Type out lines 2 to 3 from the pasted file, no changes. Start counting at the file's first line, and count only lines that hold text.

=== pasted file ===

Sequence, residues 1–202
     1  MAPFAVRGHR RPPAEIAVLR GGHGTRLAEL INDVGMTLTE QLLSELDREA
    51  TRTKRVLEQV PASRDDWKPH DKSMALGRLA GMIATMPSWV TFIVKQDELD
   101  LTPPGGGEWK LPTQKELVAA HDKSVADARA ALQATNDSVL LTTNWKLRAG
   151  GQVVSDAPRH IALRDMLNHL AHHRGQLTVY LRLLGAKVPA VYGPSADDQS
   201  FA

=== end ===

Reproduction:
     1  MAPFAVRGHR RPPAEIAVLR GGHGTRLAEL INDVGMTLTE QLLSELDREA
    51  TRTKRVLEQV PASRDDWKPH DKSMALGRLA GMIATMPSWV TFIVKQDELD